Cohabitation agreements for those intending to live together as companions
People make agreements at the beginning of or during a relationship or if two people intend to live together as companions in a variety of circumstances:
- where two people decide to live together as companions and to save expenses
- where the marriage is a second or third marriage and the parties have children form prior relationships
- where a relationship is being entered into between older people where one or the other or both have acquired assets over the years, before the relationship
- where people decide to enter into a marriage like relationship, known as common law
- where two people decide to live together as companions
Why Make An Cohabitation Agreement?
- to work out what happens to property acquired before the relationship
- to set out the obligations of each to share in expenses during the relationship
- to decide how to share property during the relationship
- to determine financial obligations to each other and to any children of either person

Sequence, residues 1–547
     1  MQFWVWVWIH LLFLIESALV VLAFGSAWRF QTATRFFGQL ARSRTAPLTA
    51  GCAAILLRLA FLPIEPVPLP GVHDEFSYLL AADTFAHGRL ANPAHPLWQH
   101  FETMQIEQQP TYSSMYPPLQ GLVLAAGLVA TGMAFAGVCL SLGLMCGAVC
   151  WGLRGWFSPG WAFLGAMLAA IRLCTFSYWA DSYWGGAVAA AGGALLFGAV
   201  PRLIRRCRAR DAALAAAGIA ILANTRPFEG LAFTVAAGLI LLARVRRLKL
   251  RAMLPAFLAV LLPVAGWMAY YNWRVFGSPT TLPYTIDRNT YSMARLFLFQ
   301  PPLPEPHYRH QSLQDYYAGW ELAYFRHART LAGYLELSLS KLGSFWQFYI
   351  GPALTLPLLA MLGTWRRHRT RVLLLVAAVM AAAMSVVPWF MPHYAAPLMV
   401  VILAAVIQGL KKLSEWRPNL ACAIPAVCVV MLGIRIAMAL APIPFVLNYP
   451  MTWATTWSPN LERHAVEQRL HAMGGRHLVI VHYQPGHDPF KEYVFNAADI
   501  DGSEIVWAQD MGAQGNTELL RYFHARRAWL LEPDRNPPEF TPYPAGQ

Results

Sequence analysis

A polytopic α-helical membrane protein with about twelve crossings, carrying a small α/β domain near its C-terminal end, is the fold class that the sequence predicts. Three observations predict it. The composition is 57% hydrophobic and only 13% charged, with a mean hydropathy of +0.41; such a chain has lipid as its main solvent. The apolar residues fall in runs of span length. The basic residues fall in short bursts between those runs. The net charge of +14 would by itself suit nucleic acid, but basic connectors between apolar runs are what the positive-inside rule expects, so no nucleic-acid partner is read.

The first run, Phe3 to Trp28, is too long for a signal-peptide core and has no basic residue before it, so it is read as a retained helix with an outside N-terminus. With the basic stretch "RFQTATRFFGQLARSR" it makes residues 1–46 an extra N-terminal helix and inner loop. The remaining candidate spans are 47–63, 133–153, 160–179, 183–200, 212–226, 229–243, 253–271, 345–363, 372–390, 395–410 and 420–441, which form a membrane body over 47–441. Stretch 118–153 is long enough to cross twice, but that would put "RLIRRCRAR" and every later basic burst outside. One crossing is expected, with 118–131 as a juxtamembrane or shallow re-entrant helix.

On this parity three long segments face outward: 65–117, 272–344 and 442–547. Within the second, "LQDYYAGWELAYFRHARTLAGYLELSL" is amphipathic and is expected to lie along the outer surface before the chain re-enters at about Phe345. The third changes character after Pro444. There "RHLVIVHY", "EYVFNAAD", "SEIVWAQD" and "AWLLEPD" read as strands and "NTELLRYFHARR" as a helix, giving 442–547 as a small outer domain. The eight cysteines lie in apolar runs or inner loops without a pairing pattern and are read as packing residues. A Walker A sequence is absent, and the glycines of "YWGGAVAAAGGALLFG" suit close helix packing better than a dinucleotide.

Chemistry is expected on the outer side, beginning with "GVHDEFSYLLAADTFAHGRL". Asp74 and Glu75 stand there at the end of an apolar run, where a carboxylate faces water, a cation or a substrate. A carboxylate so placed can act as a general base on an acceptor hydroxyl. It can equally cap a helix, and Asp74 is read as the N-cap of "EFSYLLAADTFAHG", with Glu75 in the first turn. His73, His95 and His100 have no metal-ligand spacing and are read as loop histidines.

- to set out how the agreement will be looked at and reviewed during the term of the agreement to make sure that it is working fairly for both parties
- to address what will happen to inheritances and other payments that may be received during the relationship
- to set out what will happen to property of either and both of the parties if the relationship were to end
- to address what will happen on the death of either. For instance, an agreement can set out whether one of the parties to the relationship has any right to benefit in the estate of the other. A major reason for this is to protect the wish to leave inheritances for children of previous relationships.